November 19, 2007

Bella, the movie: abortion, adoption, and love

There's a new independent film out that compassionately deals with abortion and adoption: Bella, winner of the Toronto Film Festival People's Choice Awards. I haven't seen it, but I've read good things about it. Below is an excerpt from the movie review at Focus on the Family's Plugged In Online. You can also find information at the review about the movie's (apparently minimal) objectionable elements.

Bella the movieEduardo Verástegui [the lead actor] knows his little film (he also co-produced it) won't dominate the box office. But he doesn't mind. "I was caught up in the stardom and money of this business, like so many actors," he told us, "But I was drawn to do this. To just do something worthwhile." Thus, he and his fellow producers stepped away from successful careers to pursue an independent film with no guarantees. He said with emotion, "What I'd love to see happen with this film is to someday have this 12-year-old knock on my door and say that her mother was going to have an abortion. But she saw this film. That would be my Oscar."

He continued, "This film is for the Ninas of the world. This film is not for the people who already agree that life is personal and has dignity. I want to touch the girls who come from broken families who don't know anything about all these important issues—and next thing you know they find themselves pregnant and they think it's fine to just go and have an abortion because that is what they have been taught. I want to reach them and embrace them and love them through the film and then by that they can choose what is best for them, which is to have their baby."

Bella's pondering of love and true values may just be vivid enough to accomplish the things Verástegui hopes it will.

I encourage you to get the word out about this film. It doesn't have a huge promotional budget, so it's success will depend largely on blogs and word-of-mouth.

HT to Tim at The Wrestling Mat.

0 comments on “Bella, the movie: abortion, adoption, and love”

    1. I agree that only saving or rceusing is not enough of a reason to adopt. But, I'm willing to give her the benefit of the doubt and forgive her inappropriate language and look to the sentiment behind it. That sentiment seems to be there are millions of orphans, with no safety net. Won't you consider helping?Since I don't actually KNOW Madonna (or any other celebrity for that matter), I don't what she is actually thinking. As an adoptive parent, though, I find it a little hard to believe that lots of parents would be willing to jump through the hoops, spend the time and money to adopt, just because it became a fad . I don't think it is. There are a handful of celebrities who have adopted internationally it makes sense to me that with the upswing in international adoptions, even a few of those in the spotlight would be drawn to it. I think it's insulting to suggest or crack jokes about it being the latest Hollywood fad. Ugh! I just don't see it that way. . .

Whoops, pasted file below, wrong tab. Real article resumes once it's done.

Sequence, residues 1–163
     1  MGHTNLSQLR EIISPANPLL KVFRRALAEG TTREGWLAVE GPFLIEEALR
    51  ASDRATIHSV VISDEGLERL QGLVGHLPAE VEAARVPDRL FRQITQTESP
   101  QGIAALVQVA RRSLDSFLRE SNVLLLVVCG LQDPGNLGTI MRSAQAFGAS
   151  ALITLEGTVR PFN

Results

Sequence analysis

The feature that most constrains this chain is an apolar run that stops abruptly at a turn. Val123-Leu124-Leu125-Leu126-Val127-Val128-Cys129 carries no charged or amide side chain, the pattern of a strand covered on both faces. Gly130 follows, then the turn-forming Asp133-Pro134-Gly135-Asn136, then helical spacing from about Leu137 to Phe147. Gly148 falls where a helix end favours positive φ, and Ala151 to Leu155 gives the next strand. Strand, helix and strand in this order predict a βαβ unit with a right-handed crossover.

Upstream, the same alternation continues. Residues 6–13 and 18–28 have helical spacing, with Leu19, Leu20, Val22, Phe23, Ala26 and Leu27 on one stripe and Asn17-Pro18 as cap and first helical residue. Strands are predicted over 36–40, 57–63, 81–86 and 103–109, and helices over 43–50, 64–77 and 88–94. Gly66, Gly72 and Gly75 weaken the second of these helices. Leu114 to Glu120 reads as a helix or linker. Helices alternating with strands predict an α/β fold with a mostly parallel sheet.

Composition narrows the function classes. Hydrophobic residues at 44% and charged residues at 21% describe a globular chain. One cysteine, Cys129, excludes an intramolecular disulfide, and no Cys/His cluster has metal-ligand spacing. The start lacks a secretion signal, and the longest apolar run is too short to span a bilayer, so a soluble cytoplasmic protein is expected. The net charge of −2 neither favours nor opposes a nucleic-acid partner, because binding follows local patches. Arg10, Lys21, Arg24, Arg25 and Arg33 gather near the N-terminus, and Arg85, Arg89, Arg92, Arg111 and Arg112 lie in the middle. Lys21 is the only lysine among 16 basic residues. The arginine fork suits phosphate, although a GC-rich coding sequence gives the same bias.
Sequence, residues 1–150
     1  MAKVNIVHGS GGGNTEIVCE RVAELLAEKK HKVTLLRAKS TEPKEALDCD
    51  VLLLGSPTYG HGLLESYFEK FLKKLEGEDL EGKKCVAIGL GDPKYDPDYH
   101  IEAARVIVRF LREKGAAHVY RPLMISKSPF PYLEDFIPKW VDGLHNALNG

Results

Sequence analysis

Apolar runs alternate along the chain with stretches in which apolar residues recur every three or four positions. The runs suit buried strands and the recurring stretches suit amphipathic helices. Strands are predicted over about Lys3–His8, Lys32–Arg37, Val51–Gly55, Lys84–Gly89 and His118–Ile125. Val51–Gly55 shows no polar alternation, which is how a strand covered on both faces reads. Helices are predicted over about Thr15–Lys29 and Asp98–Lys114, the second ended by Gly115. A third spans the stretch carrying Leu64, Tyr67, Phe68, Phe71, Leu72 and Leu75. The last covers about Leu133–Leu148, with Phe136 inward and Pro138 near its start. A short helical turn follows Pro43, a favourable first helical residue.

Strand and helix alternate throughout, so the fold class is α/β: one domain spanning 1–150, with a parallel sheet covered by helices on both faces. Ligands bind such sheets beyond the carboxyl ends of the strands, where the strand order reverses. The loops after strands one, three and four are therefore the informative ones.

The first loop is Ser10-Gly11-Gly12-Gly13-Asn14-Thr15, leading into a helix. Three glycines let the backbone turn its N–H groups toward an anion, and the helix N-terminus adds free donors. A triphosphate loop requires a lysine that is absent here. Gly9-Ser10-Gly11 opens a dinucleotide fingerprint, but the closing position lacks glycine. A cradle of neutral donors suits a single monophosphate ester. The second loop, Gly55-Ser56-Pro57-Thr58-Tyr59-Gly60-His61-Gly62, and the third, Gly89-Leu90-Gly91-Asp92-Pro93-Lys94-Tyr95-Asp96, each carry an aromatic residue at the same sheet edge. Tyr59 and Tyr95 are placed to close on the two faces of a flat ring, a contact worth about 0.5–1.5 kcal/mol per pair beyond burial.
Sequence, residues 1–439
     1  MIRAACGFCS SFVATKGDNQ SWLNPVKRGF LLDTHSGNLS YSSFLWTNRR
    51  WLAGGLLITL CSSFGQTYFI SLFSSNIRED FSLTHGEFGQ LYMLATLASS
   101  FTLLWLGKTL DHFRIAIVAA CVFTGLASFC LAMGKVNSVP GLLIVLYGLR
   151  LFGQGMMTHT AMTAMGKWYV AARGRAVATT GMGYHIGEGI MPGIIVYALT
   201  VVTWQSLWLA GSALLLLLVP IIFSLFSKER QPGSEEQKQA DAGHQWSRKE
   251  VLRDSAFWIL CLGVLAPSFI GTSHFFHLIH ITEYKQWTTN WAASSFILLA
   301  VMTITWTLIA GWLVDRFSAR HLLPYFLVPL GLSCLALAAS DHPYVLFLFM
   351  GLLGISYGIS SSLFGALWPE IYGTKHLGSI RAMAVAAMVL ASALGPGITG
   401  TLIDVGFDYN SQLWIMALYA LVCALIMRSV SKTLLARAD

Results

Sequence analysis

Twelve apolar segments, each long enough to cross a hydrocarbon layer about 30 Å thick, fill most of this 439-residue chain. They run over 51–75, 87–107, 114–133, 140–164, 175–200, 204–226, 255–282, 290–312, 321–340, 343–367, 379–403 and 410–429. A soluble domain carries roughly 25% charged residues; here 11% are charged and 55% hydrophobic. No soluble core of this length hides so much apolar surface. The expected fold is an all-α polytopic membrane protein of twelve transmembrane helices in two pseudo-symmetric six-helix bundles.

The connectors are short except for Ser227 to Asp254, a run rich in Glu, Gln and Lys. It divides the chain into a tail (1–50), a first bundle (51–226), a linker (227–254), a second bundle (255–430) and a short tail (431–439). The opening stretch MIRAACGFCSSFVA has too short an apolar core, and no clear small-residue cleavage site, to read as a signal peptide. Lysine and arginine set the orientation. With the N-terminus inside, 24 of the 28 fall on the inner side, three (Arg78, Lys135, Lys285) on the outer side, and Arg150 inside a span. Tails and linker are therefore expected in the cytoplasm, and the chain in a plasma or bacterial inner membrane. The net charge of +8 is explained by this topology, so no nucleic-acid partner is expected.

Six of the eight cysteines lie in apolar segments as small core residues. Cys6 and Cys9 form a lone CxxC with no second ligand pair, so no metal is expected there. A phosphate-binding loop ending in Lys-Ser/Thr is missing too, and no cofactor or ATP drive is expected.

1. Anon...wow, we can touch on so many points here. I'm going to try to stick to the orginial concern of the numbers being an issue. 🙂 TRY being the key word. LOL. I totally do understand that using a very narrow definition of the word "orphan" decreases the numbers significantly. However, I think it's WAY off to say there are 30,000 kids who fit the description of what most families are seeking in adoption (here's where I might get a little off topic). There is a HUGE difference in adopting to HAVE a child and adopting to SAVE a child. There's nothing wrong with either. And both can coexist...that was our case...we wanted more children and we also wanted to follow what we believe is God's command for us to care for orphans. There are many ways to do that. But for us, it was bringing a child into our home. You really have to understand your reasons for adoption. So yes, if you're talking about people who are looking to adopt because they want a cute little baby, then there are many less true orphans who meet that criteria.I do have friends (four very, very close ones) who have adopted from Africa. I can only speak from their experience because I have not been to Africa. From what they saw and experienced, there are many babies there who need homes. They may not be perfectly healthy (what baby is perfectly healthy???). One family lived in Uganda for six years and had 53 infants come through their home straight from the hospital to help get them healthy enough to go to the orphanage. I have another friend who lives in Africa currently who has literally had a woman approach her on the street and ask her to take her child. I KNOW most of these women, given the chance, would keep their children. So I TOTALLY agree that we have to get to the root of the problem and support birth parents who want to keep their children but feel they have no choice. I'm involved with several people/agencies that do this in Eastern Europe for families who want to keep their children with DS. Back to the numbers...there are approximately 115,000 children in the U.S. alone who are eligible for adoption. This number comes from the U.S. Department of Health and Human Services. That's just in the U.S. where we have much better support services than many countries. Yes, that number includes children 0-18 and many of them are older kids. We adopted a five year old, so obviously we are open to older kids...I know many people are not. That gets us into a whole other can of worms about adopting older children. People have very strong opinions about it. My opinion is that I have to be open to God and whatever he calls me to do to help care for others, whether they're 1 or 81. Anyway, thanks for commenting and I really do appreciate the civil discussion. 🙂 I will do a post later about all of this...as soon as I have time. LOL!!!

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